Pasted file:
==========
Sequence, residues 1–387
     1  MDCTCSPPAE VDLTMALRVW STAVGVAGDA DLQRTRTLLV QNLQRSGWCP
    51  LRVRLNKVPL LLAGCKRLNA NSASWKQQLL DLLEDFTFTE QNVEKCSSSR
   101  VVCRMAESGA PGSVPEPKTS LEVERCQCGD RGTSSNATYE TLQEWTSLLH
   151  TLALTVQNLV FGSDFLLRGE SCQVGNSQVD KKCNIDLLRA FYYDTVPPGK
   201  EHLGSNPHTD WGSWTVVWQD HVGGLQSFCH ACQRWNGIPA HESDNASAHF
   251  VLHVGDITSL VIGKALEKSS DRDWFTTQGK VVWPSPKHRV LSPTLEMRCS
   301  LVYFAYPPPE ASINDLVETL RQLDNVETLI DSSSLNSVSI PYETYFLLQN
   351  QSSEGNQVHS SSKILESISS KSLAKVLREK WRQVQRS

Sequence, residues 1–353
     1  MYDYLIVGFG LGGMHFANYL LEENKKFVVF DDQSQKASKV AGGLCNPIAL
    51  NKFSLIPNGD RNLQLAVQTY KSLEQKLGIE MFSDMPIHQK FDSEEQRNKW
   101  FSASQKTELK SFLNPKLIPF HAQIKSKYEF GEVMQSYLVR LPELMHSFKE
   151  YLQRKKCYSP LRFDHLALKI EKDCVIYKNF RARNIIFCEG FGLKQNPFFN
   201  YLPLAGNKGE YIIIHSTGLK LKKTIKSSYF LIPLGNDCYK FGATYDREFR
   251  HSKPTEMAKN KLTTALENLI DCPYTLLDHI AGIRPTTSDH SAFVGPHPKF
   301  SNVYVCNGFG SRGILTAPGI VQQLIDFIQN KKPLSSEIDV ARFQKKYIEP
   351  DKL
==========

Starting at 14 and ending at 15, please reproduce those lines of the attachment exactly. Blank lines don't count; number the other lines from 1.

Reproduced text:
   151  YLQRKKCYSP LRFDHLALKI EKDCVIYKNF RARNIIFCEG FGLKQNPFFN
   201  YLPLAGNKGE YIIIHSTGLK LKKTIKSSYF LIPLGNDCYK FGATYDREFR